An Island No More: Big Sur’s Pfeiffer Canyon Bridge Reopens

bridge reopens big sur

An enclave of popular event venues in California’s Big Sur region are now accessible again—and in the case of Ventana Big Sur, greatly improved—after the fast-tracking of Pfeiffer Canyon Bridge. The critical link on California’s scenic Highway 1 was severely damaged in early February during a series of landslides, and has been rebuilt over the last seven months by the California Department of Transportation at a cost of $24 million.

A project of this magnitude can often take seven to eight years, but because 35 miles of the highway to the south was inaccessible to vehicles and visitors, a new bridge designed to be less vulnerable to landslides was expedited. The closure left a tourism-dependent town out of business for the entire peak season. Locals began calling the places separated by the bridge closure “Big Sur Island,” because the town was very isolated.

Back to Business as Usual

This section of Monterey attracts many of the 4.6 million people who visit the county each year to hike the Redwoods and take in sweeping views of the Pacific. Businesses south of the bridge that are now open for business again include Esalen Institute, Hawthorne Gallery, Nepenthe, Big Sur Deli, Big Sur Taphouse and The Phoenix Shop.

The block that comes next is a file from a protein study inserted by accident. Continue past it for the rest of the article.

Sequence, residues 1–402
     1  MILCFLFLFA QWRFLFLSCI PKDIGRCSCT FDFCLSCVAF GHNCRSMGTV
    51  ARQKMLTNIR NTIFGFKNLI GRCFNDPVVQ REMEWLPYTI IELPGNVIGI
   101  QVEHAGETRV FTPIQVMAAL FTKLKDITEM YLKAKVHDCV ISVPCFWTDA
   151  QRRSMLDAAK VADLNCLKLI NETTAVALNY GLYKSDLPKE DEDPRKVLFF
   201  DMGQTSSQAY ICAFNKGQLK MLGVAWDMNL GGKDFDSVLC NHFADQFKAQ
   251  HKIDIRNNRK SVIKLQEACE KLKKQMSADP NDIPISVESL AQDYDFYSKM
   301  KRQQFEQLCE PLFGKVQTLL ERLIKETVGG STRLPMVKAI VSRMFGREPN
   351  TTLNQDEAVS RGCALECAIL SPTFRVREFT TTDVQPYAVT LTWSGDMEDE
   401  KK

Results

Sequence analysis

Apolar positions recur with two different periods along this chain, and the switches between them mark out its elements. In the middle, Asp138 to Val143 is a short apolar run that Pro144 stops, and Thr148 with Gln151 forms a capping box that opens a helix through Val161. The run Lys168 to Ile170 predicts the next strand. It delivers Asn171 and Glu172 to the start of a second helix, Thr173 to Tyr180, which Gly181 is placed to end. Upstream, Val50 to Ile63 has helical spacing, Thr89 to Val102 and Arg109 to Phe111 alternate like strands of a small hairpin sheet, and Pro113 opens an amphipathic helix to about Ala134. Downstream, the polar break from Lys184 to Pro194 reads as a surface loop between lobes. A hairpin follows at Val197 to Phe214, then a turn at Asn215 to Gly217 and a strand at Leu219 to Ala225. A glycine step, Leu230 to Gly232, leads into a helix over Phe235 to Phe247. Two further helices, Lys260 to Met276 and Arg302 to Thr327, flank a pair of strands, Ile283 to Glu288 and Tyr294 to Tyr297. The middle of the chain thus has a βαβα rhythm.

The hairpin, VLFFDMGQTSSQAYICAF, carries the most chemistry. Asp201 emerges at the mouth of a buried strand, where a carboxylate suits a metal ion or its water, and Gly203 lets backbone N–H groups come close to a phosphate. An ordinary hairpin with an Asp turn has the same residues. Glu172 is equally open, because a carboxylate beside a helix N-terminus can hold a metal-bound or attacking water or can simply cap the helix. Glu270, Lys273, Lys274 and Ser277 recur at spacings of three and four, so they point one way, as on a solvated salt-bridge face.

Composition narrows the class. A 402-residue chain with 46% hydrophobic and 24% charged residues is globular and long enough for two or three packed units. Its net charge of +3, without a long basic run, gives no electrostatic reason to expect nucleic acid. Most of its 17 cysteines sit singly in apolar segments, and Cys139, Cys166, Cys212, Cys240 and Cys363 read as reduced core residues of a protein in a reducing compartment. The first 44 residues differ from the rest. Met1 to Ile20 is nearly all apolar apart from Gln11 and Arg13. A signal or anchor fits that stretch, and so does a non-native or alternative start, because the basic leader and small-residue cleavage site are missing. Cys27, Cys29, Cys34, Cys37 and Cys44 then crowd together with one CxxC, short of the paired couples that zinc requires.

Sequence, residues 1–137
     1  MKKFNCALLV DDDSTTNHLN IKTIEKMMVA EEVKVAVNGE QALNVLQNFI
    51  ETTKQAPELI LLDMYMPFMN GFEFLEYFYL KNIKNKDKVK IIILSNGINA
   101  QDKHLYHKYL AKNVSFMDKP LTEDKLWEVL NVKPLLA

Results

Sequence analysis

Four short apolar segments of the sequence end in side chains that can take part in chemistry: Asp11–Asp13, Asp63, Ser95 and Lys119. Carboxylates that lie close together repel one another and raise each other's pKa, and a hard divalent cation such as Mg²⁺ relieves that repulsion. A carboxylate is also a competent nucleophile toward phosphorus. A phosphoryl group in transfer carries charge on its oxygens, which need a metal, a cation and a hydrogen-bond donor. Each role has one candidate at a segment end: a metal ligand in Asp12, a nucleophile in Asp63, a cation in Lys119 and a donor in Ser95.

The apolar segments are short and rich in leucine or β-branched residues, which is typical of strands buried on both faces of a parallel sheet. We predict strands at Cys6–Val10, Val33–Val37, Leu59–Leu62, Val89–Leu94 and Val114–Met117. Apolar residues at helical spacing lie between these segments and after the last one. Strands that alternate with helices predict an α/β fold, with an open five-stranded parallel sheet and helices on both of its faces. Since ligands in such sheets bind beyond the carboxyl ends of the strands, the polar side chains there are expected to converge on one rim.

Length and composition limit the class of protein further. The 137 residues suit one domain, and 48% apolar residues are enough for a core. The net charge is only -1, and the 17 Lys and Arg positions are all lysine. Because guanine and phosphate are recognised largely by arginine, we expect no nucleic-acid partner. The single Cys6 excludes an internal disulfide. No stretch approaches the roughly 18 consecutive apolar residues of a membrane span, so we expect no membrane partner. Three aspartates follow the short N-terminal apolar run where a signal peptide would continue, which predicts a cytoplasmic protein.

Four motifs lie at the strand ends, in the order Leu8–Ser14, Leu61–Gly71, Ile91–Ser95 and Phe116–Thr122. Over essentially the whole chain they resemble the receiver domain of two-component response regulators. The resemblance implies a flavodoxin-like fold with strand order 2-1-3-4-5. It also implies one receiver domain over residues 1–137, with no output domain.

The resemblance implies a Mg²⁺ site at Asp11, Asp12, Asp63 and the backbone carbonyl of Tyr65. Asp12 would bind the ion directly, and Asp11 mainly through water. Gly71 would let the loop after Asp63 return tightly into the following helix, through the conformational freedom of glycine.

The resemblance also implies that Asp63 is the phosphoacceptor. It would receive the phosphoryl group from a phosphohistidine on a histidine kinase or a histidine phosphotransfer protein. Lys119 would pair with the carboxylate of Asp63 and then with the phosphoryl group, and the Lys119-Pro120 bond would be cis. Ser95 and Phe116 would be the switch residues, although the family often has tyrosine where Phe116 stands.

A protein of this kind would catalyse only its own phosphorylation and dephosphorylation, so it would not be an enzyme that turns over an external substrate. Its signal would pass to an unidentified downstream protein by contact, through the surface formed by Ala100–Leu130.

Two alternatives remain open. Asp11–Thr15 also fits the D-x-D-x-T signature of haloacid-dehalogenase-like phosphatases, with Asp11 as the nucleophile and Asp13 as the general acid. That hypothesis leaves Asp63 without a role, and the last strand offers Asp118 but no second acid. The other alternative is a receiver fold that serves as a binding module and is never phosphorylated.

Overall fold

Ventana Big Sur took advantage of the lull in tourism while roads were being repaired to invest in a reimagining of all 59 rooms and 12,000 sq. ft. of indoor and outdoor meeting space, including an ocean meadow for glamping in the redwoods. It will reopen as part of Alila Hotels & Resort. Event planners can once again provide a peaceful retreat for attendees, complete with coastal views, serene beaches and jaw-dropping sunsets.

The bridge’s reopening has helped much of Big Sur get back on its feet, while hotel and restaurant owners look forward to a return to normalcy after an unintended off-season. Tourists look forward to return to picturesque beaches, sweeping views and tranquility the great outdoors offers.

While the bridge provides much better access to Big Sur, there is still work to be done. Highway 1 in Big Sur remains closed at Salmon Creek near the San Luis Obispo County border due to the massive Mud Creek slide, and won’t open to traffic until late summer. The new roadway—which  will traverse over the slide area, using a series of embankments, berms, rocks, netting, culverts and other stabilizing material—will  cost an estimated $40 million.